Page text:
documents, resource documents, and policies which are aimed
at eliminating disparities.
Summit supports Departmental efforts related to Healthy People
2010, the nation's health agenda, as well as the Departmental
Initiative on Eliminating Racial and Ethnic Disparities in
Health. The registration deadline is June 21, 2002.
information on registration, exhibiting, co-sponsorship, or
general information about the Summit, please contact BETAH
Associates, Inc., toll-free at 1-888-516-5599
November 19-21, 2002
The 2002 National Conference on Tobacco OR Health will
be November 19-21 in San Francisco, CA. Registration information
will be available at the end of May and will include housing
and discount airline ticket information.
the fall of 2001, NAAAPI launched its "Community
Partners Program" which funded five community-based
organizations that address tobacco and alcohol use in African
American communities. This funding, in the form of subcontracts,
is supported by the Robert Wood Johnson Foundation. The subcontracts
run from October 2001 to March 2002.
"Community Partners Program" is designed to support
NAAAPI's goal of educating African American communities about
the marketing, promotion, and sale of alcohol and tobacco
products throughout the United States. The organizations that
were awarded subcontracts include Health Promotion Council
(Philadelphia, PA), All-Aid International, Inc. (Charleston,
WV), The Medical Foundation (Boston, MA), Committed Caring
Faith Communities (St. Louis, MO) and Community Recovery Services
organization has developed a program that works closely with
African Americans to reduce the harmful affects caused by
tobacco and alcohol use. Program activities involve youth,
members of the faith community and local residents and will
combat the tobacco and alcohol industry's tactics of excessive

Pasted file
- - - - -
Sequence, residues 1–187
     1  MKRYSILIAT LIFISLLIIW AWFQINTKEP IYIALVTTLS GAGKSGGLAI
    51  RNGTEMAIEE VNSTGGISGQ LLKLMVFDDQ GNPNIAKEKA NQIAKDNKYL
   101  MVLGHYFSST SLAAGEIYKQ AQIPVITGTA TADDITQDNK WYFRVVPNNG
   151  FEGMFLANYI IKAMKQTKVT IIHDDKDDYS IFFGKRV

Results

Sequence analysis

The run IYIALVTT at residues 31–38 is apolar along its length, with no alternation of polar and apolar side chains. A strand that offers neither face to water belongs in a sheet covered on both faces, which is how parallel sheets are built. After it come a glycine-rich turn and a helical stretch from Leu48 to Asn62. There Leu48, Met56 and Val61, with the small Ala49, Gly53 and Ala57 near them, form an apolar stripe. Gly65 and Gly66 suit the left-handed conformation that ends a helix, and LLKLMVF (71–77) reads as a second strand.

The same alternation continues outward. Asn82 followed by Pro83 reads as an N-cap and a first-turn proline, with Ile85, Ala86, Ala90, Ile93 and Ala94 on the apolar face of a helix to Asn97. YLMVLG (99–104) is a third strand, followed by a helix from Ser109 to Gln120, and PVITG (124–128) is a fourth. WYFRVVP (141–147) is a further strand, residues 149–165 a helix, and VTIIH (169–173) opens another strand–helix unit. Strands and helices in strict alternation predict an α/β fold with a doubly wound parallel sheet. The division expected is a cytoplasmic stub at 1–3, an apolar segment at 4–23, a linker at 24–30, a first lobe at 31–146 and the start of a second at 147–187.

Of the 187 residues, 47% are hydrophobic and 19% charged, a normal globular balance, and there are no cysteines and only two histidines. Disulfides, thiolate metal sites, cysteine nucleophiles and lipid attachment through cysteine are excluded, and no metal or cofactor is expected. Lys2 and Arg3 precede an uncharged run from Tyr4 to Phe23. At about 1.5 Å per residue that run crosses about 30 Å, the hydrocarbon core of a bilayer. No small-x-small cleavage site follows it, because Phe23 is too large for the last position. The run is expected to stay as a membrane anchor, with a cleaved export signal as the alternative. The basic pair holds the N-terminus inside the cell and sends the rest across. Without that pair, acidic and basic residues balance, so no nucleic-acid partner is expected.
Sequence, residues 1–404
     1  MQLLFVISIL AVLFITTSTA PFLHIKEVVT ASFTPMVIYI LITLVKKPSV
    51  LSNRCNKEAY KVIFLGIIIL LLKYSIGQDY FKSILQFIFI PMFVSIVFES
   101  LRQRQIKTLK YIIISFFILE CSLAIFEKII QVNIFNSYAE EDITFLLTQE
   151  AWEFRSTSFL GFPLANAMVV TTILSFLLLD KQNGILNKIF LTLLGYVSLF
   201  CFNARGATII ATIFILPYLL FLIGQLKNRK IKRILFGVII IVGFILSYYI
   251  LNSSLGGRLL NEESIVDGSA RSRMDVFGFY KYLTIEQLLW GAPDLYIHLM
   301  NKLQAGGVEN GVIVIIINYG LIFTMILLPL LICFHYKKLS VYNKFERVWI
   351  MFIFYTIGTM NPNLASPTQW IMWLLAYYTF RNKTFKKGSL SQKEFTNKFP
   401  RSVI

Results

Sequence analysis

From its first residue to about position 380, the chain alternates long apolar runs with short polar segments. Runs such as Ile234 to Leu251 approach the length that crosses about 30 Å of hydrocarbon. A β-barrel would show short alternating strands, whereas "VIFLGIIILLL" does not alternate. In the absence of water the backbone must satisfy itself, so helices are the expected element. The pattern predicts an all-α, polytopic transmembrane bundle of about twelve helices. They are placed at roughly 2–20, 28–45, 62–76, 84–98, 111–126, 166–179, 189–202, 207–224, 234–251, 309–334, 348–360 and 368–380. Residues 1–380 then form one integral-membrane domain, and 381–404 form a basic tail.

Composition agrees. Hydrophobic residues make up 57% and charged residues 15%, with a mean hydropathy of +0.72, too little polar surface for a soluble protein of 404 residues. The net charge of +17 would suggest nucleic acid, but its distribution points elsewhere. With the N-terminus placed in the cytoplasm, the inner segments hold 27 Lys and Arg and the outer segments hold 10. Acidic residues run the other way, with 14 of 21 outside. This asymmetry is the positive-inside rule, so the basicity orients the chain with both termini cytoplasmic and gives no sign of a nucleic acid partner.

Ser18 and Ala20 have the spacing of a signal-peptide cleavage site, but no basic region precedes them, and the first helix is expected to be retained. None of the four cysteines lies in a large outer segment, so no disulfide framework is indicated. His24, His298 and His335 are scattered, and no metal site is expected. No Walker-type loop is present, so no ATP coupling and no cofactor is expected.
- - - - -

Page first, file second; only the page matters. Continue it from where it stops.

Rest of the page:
advertising and target marketing in and around schools and
stores. Alice Dixon, Director of Operations for NAAAAPI, manages
the "Community Partners Program".
PEOPLE, PEOPLE, PEOPLE
Sylvia Farmer Drew
NAAAPI joins the community of tobacco control advocates
in mourning the loss of Reverend Sylvia Farmer Drew. Rev.
Drew died on November 15, 2001 due to complications during
surgery. Rev. Drew was a strong supporter of the goals and
objectives of NAAAPI and served on its Board of Directors,
heading the Personnel Committee. She was also one of the founders
of the National African American Tobacco Prevention Network
(NAATPN). NAATPN has eloquently devoted its Winter 2002 issue
to the memory and legacy of Rev. Drew.
ORGANIZATIONS TO KNOW
African American Tobacco Prevention Network (NAATPN)
NAATPN is a national organization supported by funds from
the American Legacy Foundation. Its mission is "to serve
as a national organization dedicated to facilitating the development
and implementation of comprehensive and culturally competent
tobacco prevention and control initiatives to benefit African
American communities." Sandra Headen, PhD, is the Executive
Director. Mary Lassiter-Green is the Business Manager.
African American Tobacco Education Network (NAATEN)
National African American Tobacco Education Network (NAATEN)
is a CDC- funded project whose mission is "to serve as
a leader and unified voice on a national level and engage
African American organizations in preventing and reducing
tobacco use." Pamela Jones is the new Program Director
and Nikki Williams is the Program Associate. For more information
are invited to become a member of NAAAPI. For $25/year,
you can be part of an organization that has been active for
the last decade in mobilizing communities across the country
to address issues of target marketing and promotion of alcohol
and tobacco products to African Americans. Membership entitles
Current issues of "Words to the Wise"
· Action alerts on issues of interest to the African
· A directory of resources and advocates in tobacco
and alcohol control and prevention, particularly those in
communities of color
· Technical assistance
· A NAAAPI membership card
membership information, contact NAAAPI at email@example.com
or 215-235-6488. Carmella Chandler is the membership drive
"Words to the Wise" is a bi-monthly newsletter of
the National Association of African Americans for Positive
Imagery (NAAAPI). Alice Dixon is supervising editor of the
newsletter. Carmella A. Chandler is the editor.